It’s easier to write about how much we fail each other as opposed to how much we support each other because the depths of emotion that comes with pain and depression feel so much more familiar than stability, security, love and reassurance.
When I was younger, I knew I was fucked up, despite all the opportunity that I was given in life. I went to the good high school in the bad part of town, but being top of the class wasn’t enough to save me from myself. I knew I was the only one who could save me from myself, and I also knew that it was going to be a difficult battle because I am fucking crazy. Being young and looking at one’s options while knowing that every option comes with the hang up of knowing that I’m going to fuck it up eventually is a depressing thing to do, mostly because people said things like, “Go to college!” “Study medicine!” “Get a good job!” “Find someone who loves you and marry him!” And for some reason, every one of those seemed like an impossible challenge that wasn’t worth bothering with.
Even before I was rampantly fucking and constantly drinking, society had shown me the light down the path where I knew I belonged. I knew that I didn’t belong in air conditioned office buildings with name tags and business casual pants suits. I knew that I wasn’t going to be toting around someone else’s babies while slowly building up resentment for the father of the children. I knew that driving a brand new job to and from the grocery store with organic food on my way to my nice home in the hills wasn’t my style. I knew they weren’t for me, but, in retrospect, I’m not sure if that was because I genuinely didn’t want them or because somewhere, deep inside me, I knew that I didn’t have the tenacity or the strength or the wit or even the mental stability with which to attain those kinds of things. People are supposed to want those kinds of things, but I told myself that those were the dreams of some other person. Of someone who was different from me and didn’t know what it was like to be me. Who hadn’t seen the things I had seen or felt the things that I had felt – and those were the things that drove me to the bottle at a young age.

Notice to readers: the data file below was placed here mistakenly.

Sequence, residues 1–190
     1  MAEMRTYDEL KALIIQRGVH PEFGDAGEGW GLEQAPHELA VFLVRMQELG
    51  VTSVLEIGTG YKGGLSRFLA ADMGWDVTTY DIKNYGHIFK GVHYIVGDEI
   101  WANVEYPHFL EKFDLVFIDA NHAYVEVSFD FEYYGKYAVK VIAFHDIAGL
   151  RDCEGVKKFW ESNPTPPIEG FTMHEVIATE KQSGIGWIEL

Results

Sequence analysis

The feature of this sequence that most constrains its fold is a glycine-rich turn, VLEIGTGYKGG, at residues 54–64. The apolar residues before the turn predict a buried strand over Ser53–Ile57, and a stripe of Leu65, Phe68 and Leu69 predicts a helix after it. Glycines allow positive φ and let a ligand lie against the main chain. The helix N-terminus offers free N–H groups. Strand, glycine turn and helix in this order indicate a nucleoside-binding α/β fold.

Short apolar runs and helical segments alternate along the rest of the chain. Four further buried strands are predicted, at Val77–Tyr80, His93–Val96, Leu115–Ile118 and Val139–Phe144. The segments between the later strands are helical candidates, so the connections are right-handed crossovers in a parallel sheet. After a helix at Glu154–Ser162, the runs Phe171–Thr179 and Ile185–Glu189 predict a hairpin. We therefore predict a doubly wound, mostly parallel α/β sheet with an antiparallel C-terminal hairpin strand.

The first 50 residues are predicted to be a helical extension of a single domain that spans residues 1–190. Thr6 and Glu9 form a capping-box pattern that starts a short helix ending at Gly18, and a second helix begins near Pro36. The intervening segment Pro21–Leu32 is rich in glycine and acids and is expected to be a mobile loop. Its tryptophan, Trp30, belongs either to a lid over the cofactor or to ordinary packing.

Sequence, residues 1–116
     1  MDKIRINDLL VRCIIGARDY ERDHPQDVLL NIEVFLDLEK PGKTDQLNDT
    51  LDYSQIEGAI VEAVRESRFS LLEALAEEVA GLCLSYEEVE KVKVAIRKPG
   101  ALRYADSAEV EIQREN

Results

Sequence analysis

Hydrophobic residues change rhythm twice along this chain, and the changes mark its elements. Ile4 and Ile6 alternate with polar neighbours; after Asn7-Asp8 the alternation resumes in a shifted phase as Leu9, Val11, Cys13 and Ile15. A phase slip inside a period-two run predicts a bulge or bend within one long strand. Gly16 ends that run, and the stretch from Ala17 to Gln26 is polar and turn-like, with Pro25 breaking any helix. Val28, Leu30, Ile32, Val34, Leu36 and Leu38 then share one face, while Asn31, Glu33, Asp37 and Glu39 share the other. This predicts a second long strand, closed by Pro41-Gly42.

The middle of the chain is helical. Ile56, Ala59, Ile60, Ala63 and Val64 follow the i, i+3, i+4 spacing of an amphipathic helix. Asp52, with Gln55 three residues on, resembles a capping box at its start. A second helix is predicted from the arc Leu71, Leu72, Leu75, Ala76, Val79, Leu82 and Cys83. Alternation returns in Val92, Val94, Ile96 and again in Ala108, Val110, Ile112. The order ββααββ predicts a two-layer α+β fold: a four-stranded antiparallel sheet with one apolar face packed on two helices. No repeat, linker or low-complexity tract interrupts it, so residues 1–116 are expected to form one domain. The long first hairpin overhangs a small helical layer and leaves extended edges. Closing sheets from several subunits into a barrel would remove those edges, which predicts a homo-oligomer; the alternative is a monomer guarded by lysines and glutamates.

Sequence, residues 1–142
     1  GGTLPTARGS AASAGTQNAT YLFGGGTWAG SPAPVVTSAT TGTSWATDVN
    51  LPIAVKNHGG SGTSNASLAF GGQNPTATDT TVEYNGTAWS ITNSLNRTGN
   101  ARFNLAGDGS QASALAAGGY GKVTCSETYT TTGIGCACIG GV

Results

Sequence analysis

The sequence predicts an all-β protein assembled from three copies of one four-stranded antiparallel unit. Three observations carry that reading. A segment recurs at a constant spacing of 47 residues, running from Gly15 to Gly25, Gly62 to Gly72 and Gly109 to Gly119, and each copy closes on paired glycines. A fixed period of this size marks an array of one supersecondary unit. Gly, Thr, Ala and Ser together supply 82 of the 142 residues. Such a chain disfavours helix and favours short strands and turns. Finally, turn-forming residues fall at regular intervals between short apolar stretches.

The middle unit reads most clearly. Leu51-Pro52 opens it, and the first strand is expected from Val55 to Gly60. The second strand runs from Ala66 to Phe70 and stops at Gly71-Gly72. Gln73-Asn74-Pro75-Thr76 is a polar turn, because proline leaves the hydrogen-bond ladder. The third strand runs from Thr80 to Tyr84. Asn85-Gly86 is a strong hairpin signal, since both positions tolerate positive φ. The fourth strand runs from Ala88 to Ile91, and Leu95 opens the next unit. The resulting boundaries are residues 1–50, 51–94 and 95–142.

I knew I was fucked up, and I knew I didn’t belong, and I knew I had to design a reality within which I could exist. Where I could survive. Where I could do more than just pay rent on time, but perhaps, even, perhaps be happy. A job and a house and a new car and a husband and kids certainly weren’t going to do that for me. But, you know what did? Alcohol. Sex. Cocaine.
I careened out of adolescence and into adult hood, riding high on a wave of pills and powders and liquids and dick. These were things that I had learned about while reading about the New York Punk Rock scene in the 1980s, and for some reason I thought that my life in Oakland would be exactly like that, but what I didn’t know was that, as a woman of color in the violent city of Oakland, California, my pursuit of being ‘artsy’ that paraded around clad in knee socks and addiction was not going to be the peachy beach dream of being a white boy in a noise band in New York in the 1980s. I was not going to be Lou Reed or Iggy Pop or Jean Michel Basquiat or Andy Warhol or some locally lauded art icon, mostly because my genetic predisposition made me a token, even in a city full of what our culture at large considers to be ethnic tokens: people of color. Also: women. There are very few people who skip going to college and choose to get into drugs and debauchery, call it art and then succeed. I am not one of them.
It took me a long time to learn that lesson, and while it has been fucking scary at times it has, for the most part, been thrilling and even fun. I’m still fucked up, but luckily I managed to land somewhere where I can blend in with the rest of the fuck ups. I don’t know exactly why I’m as fucked up as I am, but it’s okay. I’ve accepted it and moved past that worrying stage where I overly self analyze in order to ascertain what exactly can I fix about myself so I can get to a point where I can begin to want that car and that house and that husband that had been shown to me when I was 17. I haven’t figured it out, and I still don’t want those things, although part of me wants those things, but there is no way in hell that I’m going to put in work to get them. I’d like for them to fall in my lap. I would let them fall in my lap. I know that’s absurd, but, hey, a girl can dream, right? That’s how I got here in the first place.